spout

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Related to spouter: Euroclydon

gush (forth) (from someone or something)

 and gush (forth) (out of someone or something); gush (out) (from someone or something) to spout out of someone or something.
(Can be words, water, blood, vomit, etc. The optional elements cannot be transposed.) The blood gushed forth from his wound. Curses gushed forth from Sharon. Water gushed forth out of the broken pipe. The words gushed out from her mouth. The curses gushed from her mouth in torrents.

spout from something

[for a liquid] to gush from something. A plume of water vapor spouted from the blowhole of the whale. Water spouted from the top of the fountain and flowed down the sides.
See also: spout

spout off

 (about someone or something)
1. to brag or boast about someone or something. Stop spouting off about Tom. Nobody could be that good! Alice is spouting off about her new car.
2. to speak out publicly about someone or something; to reveal information publicly about someone or something. I wish you wouldn't spout off about my family affairs in public. There is no point in spouting off about this problem.
See also: off, spout

spout something out

 
1. Lit. to exude a liquid. The hose spouted the cooling water out all over the children. It spouted out cooling water.
2. Fig. to blurt something out; to speak out suddenly, revealing some important piece of information. She spouted the name of the secret agent out under the effects of the drug. She spouted out everything we wanted to know.
See also: out, spout

be up the spout

  (British informal)
to be pregnant His sister's only just turned sixteen and she's up the spout.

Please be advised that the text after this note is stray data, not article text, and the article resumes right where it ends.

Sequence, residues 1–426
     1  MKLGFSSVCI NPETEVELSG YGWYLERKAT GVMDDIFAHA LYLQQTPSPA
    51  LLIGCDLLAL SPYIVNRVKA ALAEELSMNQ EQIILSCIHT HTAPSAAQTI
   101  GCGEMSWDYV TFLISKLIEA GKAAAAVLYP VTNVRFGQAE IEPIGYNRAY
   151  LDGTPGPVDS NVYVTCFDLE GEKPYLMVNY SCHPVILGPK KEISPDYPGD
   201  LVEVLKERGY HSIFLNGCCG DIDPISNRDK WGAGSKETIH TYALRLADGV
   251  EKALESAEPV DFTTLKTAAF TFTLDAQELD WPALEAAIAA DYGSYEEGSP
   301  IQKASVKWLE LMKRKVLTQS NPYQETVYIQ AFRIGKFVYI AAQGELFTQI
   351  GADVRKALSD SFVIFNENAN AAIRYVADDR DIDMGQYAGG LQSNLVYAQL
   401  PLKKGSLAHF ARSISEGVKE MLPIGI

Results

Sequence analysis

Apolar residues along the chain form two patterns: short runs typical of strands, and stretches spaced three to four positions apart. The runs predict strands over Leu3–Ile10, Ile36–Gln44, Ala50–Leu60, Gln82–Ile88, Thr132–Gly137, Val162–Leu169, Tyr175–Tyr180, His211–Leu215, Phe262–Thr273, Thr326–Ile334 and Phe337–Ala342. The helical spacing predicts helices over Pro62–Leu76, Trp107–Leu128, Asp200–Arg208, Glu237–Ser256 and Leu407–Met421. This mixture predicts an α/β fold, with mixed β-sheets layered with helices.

See also: spout, up

up the spout

  (British & Australian informal)
wasted or spoiled Pete lost his job so that meant our holiday plans went up the spout. And they refused to give me a refund so that was two hundred pounds up the spout.
See also: spout, up

spout off

v.
1. To speak continuously and tediously: I dread spending an evening with my cousins and listening to them spout off about their last vacation.
2. To utter something that is long-winded and tedious: I'd hoped for a simple answer, but the mechanic spouted off a technical explanation that confused me even more. The tour guides have to memorize the speech until they can spout it off without effort.
See also: off, spout

up the spout

Chiefly British Slang
1. Pawned.
2. In difficulty.
3. Pregnant.
See also: spout, up
References in periodicals archive ?
Written, according to Antin, "in the language I used to use when I translated German patents into English,"(2) it describes the museum/machine as a giant reductive equalizer which, just as Ishmael subjects the painting in the Spouter Inn to "the aggregated opinions of the many aged persons" with whom he converses, reduces the meaning of art to the level of general consensus.
The benches at the Spouter Inn, ubiquitous whale teeth, the deck of the Pequod, Queequeg's coffin (as well as his flesh), Ahab's leg--all these find themselves written or inscribed upon.
And, as in any big city, he finds all sorts here: sympathetic friends, trustworthy advisors and world-class doctors, as well as spouters of misinformation, screaming matches, scammers and a variety of creeps.
The first thing to ask is 'What is architectural about re-flagging a square and putting in trees and water spouters and a dribbler?
It's all become so frustrating that United legend Bob Moncur, normally the most conservative of spouters, was moved to come out with the classic "man on the moon but no man in Toon" quote.
Many readers will remember when the area in front of St Martin's featured street entertainers (such as escapologists) - a tradition going back to medieval times - charity collectors, petitioners, anti-war and anti-apartheid activists (usually supported by Cannon Peter Hall), religious singers and spouters, theatre groups, various rallies, and, well into the Sixties, soap-box operators on Sunday evenings.
Some characters are mere spouters of politics; much of the violence is gratuitous; and the philosophizing "interrupt[s] the smooth flow of fantasy" (Los Angeles Times).
These are deep waters, of a kind hardly touched by rational public debate in Britain, and not remotely so in Ireland, where we have just passed through yet another liberal posturing competition with the main winners being the sanctimonious spouters of the most unprincipled and opportunistic 'anti-racist' vacuities.
Proof that not all the touchline prowlers are spouters of cliches, switched onto automatic pilot.